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It was just a passing notice in the press, a minor commentary on the spectacle that was the 1904 World’s Fair, held in St. Louis and also known as the Louisiana Purchase Exposition. Compared with the general trend of the newspaper coverage of indigenous people displayed at the fair, this article was marked by the charitable tone of the correspondent. Despite the implicit racism of “heathen” being placed “on exhibition” and judged as less highly evolved, the writer here was at least sympathetic to the Africans’ claims.

Out of Africa: Ota Benga’s Journey from the Congo to a Cage at the Bronx Zoo

Illustrated Comic or Satirical Publications in Afro-Americana Imprints, 1535-1922

The current release of Afro-Americana Imprints, 1535-1922: From the Library Company of Philadelphia includes several illustrated comic or satirical works published in the 19th century.


Life and Adventures of Jeff. Davis (1865)

By McArone

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This satirical account of Jefferson Davis includes illustrations which are derisive in their treatment of the only president of the Confederate States of America.

On the 18th of February, ’61, Jeff. Was formally inaugurated to his new position, with Aleck Stephens as his Vice-President. It was said at the time that a president, with so few virtues, could hardly need a vice.

Both of these gentlemen are reported to have been very much tickled.

On the 4th of March ensuing, Mr. Lincoln was inaugurated, and took the place of the poor, paltry, pattering, puny old public functionary, Buchanan, who had earned some reputation by being caricatured in the funny papers, but had no other claims to be considered otherwise than in the light of a poor shoat.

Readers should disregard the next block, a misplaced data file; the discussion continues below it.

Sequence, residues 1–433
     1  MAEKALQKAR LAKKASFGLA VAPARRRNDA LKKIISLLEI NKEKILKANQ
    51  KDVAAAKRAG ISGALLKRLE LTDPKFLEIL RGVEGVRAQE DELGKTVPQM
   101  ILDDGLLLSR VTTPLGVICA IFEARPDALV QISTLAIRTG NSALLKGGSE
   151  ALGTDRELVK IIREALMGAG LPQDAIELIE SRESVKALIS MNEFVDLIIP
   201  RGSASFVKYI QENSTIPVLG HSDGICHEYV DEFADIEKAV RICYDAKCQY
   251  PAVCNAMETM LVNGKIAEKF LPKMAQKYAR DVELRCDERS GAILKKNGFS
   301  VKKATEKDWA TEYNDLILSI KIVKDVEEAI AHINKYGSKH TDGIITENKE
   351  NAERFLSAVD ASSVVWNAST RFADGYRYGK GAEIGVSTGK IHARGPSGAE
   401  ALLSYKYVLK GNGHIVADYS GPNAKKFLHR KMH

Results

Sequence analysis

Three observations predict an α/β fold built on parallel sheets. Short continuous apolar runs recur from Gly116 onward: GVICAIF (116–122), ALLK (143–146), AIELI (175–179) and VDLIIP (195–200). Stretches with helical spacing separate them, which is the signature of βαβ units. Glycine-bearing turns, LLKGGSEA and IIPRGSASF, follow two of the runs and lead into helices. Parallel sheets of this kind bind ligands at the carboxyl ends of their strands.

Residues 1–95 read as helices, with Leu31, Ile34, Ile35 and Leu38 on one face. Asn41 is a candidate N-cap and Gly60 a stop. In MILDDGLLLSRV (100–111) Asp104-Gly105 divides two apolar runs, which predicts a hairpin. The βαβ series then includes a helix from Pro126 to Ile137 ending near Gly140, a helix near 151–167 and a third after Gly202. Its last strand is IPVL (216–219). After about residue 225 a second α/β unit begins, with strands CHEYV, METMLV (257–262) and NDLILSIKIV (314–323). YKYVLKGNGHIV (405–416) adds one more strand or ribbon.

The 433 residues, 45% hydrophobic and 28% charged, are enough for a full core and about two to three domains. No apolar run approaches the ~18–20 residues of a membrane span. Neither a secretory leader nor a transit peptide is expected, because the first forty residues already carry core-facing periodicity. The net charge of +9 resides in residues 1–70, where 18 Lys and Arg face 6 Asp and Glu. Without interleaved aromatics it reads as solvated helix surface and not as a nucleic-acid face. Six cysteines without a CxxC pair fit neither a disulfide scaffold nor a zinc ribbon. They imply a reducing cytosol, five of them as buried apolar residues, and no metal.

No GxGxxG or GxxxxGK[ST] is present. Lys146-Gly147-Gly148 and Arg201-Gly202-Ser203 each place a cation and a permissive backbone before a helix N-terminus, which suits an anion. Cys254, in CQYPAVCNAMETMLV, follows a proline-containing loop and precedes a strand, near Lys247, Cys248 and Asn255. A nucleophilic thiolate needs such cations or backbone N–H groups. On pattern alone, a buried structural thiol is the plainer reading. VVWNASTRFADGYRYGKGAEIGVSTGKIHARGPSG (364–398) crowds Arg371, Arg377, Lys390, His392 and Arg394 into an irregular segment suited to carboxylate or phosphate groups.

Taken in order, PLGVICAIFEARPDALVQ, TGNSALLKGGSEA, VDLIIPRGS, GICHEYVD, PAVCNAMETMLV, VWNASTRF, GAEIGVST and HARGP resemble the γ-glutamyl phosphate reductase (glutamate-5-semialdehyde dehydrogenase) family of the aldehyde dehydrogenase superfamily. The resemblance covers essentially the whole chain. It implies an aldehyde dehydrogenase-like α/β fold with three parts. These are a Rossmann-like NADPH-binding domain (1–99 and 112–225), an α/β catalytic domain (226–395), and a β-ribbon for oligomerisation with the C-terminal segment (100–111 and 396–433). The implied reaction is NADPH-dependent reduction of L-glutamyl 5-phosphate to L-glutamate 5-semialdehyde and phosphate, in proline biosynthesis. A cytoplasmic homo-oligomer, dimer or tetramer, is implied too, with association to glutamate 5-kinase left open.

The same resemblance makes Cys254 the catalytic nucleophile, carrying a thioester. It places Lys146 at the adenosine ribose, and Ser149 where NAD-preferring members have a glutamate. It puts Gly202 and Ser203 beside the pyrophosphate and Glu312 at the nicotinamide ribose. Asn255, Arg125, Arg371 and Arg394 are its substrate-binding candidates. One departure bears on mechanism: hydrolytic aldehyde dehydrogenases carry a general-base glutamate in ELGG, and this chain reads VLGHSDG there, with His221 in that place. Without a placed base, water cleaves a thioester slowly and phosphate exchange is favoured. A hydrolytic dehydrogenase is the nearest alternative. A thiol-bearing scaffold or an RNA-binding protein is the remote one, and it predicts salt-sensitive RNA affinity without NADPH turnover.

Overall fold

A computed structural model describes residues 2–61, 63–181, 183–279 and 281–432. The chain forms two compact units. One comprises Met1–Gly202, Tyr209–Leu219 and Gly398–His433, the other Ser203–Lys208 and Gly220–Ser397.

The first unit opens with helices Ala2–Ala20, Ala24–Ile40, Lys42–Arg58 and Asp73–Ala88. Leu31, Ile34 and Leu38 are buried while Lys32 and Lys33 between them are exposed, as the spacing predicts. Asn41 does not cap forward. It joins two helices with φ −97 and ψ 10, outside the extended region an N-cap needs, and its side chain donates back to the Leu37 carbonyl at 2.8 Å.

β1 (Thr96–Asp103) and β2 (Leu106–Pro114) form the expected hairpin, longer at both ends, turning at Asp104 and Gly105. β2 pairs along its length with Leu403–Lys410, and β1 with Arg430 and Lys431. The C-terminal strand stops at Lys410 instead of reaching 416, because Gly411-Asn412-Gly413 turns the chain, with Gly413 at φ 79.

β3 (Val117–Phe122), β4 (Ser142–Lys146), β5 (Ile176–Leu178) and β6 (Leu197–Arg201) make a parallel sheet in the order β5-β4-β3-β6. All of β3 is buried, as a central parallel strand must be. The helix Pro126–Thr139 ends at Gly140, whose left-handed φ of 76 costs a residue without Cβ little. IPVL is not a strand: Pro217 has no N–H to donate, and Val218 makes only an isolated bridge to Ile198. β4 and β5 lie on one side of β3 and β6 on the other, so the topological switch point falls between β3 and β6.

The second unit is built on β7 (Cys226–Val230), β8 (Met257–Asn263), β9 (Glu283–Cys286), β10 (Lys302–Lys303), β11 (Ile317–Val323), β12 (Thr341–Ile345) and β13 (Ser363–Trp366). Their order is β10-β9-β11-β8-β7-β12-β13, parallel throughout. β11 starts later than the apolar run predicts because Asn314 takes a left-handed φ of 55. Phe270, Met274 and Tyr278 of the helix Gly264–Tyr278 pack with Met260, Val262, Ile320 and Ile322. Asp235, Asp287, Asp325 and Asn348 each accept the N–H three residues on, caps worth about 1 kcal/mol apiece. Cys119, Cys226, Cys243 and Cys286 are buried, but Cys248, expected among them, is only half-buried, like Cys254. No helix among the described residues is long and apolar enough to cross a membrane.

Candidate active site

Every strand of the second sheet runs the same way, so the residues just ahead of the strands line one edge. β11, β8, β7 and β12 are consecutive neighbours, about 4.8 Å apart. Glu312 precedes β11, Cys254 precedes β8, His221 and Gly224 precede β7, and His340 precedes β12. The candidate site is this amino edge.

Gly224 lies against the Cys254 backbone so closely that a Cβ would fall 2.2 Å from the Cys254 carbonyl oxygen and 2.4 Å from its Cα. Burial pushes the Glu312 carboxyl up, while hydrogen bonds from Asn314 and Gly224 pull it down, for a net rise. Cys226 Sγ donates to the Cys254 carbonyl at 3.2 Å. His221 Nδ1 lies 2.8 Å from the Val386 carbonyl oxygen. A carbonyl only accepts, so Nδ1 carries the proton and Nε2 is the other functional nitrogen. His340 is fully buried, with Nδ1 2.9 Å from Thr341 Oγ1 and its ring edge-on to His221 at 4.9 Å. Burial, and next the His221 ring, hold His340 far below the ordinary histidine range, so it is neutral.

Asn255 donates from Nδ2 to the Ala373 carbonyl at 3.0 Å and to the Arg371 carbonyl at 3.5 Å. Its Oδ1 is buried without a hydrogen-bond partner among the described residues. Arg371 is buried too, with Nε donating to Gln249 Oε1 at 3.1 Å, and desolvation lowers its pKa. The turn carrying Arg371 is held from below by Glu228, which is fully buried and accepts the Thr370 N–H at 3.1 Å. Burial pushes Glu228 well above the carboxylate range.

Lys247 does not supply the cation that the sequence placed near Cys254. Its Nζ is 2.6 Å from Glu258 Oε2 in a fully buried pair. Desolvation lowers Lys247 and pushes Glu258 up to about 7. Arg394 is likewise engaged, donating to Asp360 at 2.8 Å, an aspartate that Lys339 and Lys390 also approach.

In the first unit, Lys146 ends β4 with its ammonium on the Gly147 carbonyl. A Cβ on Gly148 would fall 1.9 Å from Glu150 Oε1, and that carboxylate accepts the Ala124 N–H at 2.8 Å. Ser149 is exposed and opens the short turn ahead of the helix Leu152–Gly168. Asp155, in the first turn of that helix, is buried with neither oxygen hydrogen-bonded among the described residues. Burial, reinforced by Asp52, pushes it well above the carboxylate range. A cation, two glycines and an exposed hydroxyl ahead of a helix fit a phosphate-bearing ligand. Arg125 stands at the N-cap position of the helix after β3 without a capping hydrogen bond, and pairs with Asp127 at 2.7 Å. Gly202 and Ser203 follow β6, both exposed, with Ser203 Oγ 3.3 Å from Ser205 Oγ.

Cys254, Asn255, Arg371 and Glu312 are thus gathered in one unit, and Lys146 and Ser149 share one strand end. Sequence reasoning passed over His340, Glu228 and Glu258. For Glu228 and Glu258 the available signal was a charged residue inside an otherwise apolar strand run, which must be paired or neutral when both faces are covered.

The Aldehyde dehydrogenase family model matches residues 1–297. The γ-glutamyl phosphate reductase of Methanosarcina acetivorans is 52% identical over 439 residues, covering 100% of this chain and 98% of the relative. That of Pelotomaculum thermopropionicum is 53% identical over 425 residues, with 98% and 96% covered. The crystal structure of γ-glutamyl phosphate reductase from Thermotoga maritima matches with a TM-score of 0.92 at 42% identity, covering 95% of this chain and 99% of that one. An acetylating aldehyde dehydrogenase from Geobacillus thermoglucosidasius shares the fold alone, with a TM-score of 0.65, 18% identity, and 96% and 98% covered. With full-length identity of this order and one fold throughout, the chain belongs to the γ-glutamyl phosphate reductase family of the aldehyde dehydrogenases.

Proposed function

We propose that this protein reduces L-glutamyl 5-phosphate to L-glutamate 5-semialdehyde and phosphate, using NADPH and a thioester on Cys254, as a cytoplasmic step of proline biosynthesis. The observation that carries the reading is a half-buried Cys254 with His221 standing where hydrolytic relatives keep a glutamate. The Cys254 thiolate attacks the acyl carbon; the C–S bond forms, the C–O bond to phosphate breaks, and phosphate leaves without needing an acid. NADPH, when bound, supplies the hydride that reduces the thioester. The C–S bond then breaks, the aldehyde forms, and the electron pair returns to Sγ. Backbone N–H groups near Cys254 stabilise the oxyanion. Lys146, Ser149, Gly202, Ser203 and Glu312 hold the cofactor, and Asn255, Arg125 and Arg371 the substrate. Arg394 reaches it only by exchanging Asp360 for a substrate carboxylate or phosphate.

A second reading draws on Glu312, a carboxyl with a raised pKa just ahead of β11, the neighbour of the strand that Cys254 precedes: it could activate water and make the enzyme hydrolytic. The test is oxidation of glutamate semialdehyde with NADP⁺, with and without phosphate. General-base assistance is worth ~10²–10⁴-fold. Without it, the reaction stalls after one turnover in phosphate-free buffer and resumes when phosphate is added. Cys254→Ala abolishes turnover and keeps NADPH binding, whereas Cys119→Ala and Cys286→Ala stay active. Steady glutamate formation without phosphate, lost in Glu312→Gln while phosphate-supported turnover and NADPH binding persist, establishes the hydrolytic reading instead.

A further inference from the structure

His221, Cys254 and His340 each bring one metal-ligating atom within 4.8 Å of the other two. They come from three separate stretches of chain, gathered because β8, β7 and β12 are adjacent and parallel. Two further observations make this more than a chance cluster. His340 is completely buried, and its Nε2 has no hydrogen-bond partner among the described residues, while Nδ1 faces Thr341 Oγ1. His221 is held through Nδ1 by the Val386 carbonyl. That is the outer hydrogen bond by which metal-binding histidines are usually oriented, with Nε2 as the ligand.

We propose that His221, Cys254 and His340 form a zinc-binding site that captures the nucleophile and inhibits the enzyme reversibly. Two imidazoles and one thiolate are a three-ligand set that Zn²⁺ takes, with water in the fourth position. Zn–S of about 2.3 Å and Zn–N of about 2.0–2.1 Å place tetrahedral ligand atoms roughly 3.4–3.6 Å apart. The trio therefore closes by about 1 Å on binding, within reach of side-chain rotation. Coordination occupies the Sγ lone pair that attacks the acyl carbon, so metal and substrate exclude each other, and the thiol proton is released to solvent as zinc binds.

After the Battle of Bull Run—"the first battle of the war that could be considered much more than a skirmish"—Davis “was on the ground in person and modified Peter Beauregard’s plans just enough to spoil them entirely.” Davis arrived in Richmond and “accepted the entire credit of the victory, in a most gracious manner.”

Illustrated Comic or Satirical Publications in Afro-Americana Imprints, 1535-1922

Now available for trial! Nineteenth-Century American Drama: Popular Culture and Entertainment, 1820-1900

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The inaugural release of Nineteenth-Century American Drama includes plays that range over the most popular genres of its 80-year time span. There are comedies and melodramas, Revolutionary and Civil War dramas, plays with all-women and all-black casts, temperance plays, and plays for children for school and home entertainment, as well as many plays written by women. Here are some examples of the diversity of genres and titles now available:

Histories:

  • ‘Pocahontas. A Historical Drama, in Five Acts’ by Robert Dale Owen (1837)
  • ‘The Ku Klux Klan, or, The Carpet-Bagger in New Orleans’ by Elizabeth Avery Meriwether (1877)

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Tragedies:

  • ‘Mohammed, The Arabian Prophet. A Tragedy in Five Acts’ by George Henry Miles (1850)

Comedies:

Now available for trial! Nineteenth-Century American Drama: Popular Culture and Entertainment, 1820-1900